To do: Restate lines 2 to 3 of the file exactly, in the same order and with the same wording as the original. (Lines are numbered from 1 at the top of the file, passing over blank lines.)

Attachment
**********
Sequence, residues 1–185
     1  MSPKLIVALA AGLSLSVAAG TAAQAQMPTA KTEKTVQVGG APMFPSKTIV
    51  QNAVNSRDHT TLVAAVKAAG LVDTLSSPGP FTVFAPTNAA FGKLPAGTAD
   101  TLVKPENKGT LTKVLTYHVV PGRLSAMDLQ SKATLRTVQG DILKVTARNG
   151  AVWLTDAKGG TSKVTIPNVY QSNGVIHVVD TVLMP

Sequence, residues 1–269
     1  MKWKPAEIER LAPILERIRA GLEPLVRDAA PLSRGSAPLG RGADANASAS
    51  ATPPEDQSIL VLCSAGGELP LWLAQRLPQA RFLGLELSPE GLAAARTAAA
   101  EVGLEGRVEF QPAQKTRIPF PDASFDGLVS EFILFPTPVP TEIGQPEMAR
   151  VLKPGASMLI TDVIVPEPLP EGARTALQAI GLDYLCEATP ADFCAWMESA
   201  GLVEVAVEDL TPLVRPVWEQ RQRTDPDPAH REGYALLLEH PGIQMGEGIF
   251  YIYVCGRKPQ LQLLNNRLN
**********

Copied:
     1  MSPKLIVALA AGLSLSVAAG TAAQAQMPTA KTEKTVQVGG APMFPSKTIV
    51  QNAVNSRDHT TLVAAVKAAG LVDTLSSPGP FTVFAPTNAA FGKLPAGTAD